There's another anniversary this month, too: The 7th anniversary of the formal launch of developerWorks. (The initial "beta" version of developerWorks appeared in the summer of 1999; the formal launch was in late September.)
Throughout its seven-year history, developerWorks' fundamental mission has remained constant: To serve the wants and needs of developers and technical professionals. Another constant has been the difference between developerWorks and other vendor-sponsored developer sites: Our focus extends beyond our own company's products and services to include content and resources dedicated to open standards and product- and platform-independent content. (For more historical context, see this JavaWorld article and the related IBM press release.)
aW and dW continue to grow and evolve with our communities of developers and technical pros and early adopters. Consider for example developerWorks' growing open source zone that includes dedicated sections for Eclipse, PHP, and Apache Derby and Geronimo. Our extensive collection of nearly 200 Ajax related articles (including this week's top story), and growing collection of Web 2.0 materials. The various community-oriented resources, including extensive technical forums as well as blogs from technical experts and thought leaders, plus our extensive, customizable Atom and RSS feeds. Our podcast reports and interviews, including exclusive, one-on-one conversations with innovators such as Tim Berners-Lee and Grady Booch. And alphaWorks has similarly expanded and evolved -- as Irving, Rod, and Gina discuss.
Both alphaWorks and developerWorks maintain a commitment to serving the wants and needs of developers and technical professionals (and in aW's case, early adopters) -- a commitment that has helped us earn numerous awards. I'm honored to be a part of this effort, which would not be possible without the enlightened vision of IBM's executives and management, as well as the dedication and hard work of the dW and aW teams as well as our extended group of authors, editors, and contributors. It also would not be possible without you and your peers, the nearly 5.5 million registered members of our developer community (as well as those who have yet to register) who turn to dW and aW for help, answers, solutions, skill-building resources, code, downloads, and more. We're happy to help.
Happy Birthday, alphaWorks -- and developerWorks![Read More]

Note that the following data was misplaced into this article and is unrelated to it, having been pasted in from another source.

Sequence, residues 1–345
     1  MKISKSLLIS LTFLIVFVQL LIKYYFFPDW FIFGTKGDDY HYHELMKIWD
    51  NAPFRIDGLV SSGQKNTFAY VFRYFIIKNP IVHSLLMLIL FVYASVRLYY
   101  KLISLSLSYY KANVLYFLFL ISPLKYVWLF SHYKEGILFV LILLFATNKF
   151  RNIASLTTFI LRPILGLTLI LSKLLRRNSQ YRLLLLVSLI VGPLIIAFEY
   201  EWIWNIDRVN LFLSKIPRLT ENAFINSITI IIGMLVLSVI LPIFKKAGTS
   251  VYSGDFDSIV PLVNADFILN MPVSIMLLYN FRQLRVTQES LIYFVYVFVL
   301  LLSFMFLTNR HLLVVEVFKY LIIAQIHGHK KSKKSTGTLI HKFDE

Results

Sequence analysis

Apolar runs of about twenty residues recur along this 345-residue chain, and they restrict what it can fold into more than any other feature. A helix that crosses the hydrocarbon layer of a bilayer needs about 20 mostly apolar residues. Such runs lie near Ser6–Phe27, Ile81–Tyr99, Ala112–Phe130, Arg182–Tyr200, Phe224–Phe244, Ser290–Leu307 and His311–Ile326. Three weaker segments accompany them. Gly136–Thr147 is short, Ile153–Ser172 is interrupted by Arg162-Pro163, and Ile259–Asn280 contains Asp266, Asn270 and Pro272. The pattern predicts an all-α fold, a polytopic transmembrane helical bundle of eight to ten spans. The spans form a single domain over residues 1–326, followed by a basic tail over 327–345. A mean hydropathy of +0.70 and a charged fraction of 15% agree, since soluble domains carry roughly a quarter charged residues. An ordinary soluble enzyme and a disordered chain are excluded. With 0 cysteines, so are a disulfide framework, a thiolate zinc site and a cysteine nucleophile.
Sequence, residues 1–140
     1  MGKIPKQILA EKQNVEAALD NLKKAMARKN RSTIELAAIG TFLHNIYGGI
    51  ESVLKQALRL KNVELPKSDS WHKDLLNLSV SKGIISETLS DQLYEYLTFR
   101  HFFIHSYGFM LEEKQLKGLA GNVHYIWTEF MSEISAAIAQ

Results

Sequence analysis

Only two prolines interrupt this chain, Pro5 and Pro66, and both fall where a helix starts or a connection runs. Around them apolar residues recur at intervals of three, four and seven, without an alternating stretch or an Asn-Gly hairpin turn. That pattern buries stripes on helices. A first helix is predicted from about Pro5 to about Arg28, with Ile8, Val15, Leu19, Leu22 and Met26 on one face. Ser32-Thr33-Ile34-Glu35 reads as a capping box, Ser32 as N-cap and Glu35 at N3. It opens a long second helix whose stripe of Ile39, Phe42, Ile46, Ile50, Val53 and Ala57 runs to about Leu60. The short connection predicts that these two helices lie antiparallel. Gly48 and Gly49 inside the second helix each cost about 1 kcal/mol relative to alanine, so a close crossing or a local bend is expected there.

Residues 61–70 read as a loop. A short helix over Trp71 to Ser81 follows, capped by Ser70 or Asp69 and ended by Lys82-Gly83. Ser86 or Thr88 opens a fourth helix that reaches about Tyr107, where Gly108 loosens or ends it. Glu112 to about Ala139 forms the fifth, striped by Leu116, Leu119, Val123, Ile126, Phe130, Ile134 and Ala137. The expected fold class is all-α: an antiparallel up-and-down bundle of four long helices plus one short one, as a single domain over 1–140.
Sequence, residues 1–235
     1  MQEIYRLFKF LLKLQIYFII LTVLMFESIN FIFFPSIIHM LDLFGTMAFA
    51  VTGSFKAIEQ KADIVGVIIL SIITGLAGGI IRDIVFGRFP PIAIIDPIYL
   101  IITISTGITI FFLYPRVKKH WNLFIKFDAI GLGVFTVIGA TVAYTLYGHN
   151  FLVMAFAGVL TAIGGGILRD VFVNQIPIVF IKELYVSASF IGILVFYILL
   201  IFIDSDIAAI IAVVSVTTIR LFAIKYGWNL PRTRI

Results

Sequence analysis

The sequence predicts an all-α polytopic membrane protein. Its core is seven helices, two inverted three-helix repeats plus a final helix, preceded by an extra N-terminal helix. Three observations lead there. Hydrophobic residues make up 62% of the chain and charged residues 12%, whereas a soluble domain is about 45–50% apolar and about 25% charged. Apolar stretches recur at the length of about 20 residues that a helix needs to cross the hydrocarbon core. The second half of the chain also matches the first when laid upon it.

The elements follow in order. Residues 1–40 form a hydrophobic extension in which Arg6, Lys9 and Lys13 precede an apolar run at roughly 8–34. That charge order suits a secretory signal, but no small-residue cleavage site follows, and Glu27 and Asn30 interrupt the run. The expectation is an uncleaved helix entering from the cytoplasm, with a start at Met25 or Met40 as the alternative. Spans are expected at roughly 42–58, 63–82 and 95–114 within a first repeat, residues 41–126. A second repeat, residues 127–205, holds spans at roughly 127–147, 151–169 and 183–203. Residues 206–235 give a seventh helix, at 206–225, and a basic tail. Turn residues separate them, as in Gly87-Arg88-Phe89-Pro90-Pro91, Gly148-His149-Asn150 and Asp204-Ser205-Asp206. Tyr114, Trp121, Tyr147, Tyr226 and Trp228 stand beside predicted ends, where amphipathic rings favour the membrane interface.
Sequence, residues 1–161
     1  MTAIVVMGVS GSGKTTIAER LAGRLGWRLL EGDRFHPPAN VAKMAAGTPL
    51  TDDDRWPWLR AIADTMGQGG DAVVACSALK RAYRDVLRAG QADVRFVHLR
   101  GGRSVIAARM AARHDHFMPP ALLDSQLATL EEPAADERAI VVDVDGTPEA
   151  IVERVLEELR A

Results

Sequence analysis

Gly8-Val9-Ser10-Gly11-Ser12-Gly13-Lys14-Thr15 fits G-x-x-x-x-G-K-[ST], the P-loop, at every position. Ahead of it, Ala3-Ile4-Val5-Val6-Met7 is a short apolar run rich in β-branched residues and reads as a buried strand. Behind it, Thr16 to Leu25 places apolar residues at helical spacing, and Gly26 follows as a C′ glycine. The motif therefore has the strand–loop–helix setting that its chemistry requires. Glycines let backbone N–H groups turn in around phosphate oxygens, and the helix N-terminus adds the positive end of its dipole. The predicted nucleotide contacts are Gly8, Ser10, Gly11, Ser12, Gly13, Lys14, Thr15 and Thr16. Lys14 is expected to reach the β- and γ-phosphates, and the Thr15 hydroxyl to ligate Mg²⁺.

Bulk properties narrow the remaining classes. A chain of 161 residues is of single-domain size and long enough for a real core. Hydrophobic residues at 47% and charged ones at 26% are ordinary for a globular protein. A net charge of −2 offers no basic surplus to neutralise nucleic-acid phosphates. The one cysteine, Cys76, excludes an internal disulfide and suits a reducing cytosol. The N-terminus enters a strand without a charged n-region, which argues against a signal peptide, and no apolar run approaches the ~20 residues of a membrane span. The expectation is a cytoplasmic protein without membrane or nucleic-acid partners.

The opportunity to celebrate a 100-year anniversary doesn't come often. IBM strives to celebrate its 100 years in business (official birthday is today, June 16) properly -- not with lavish parties, but with a focus on IBM giving back to and serving the communities across the globe. Read more about the IBM celebration of service
and how IBMers are joining clients, partners and friends to improve communities worldwide.
As I consider this celebration from the perspective of my role as Editor in Chief of developerWorks, I can't help but think about what's technically cool and impressive from IBM that also serves not only the business or the Smarter Planet campaign but also improves communities worldwide, and one thing jumps to my mind: The World Community Grid, whose mission is "to create the world's largest public computing grid to tackle projects that benefit humanity"; it "depends upon individuals collectively contributing their unused computer time to change the world for the better." IBM supports this effort with hardware, software, and technical services. It's a terrific example of how technology supports such key goals as clean water, clean energy, and cures for diseases such as cancer and AIDS. And they're looking for new research projects that can use grid technology to benefit humanity -- so if you have an idea, submit a proposal.
The World Community Grid is but one example of IBM's impressive technology and its efforts to benefit communities worldwide. Beyond the contributions of individuals (such as the developerWorks team members pictured here who were helping feed the hungry yesterday; see also the local press coverage showing how hundreds of IBMers packed 100,000 meals in under two hours), IBM's products and technologies show that the Smarter Planet initiative is more than mere marketing. We're showcasing some of IBM's noteworthy products and activities over the last 100 years as "Icons of Progress." developerWorks newsletter editor John Swanson calls out a few icons that may be particularly of interest to the developerWorks community in his new blog. (Thanks to Daryl Pereira for helping cull that list -- and also thanks to Daryl for his blog encouraging others to share stories and activities from the IBM Centennial.)
Here's to making the next 100 years worth celebrating even more than the first 100.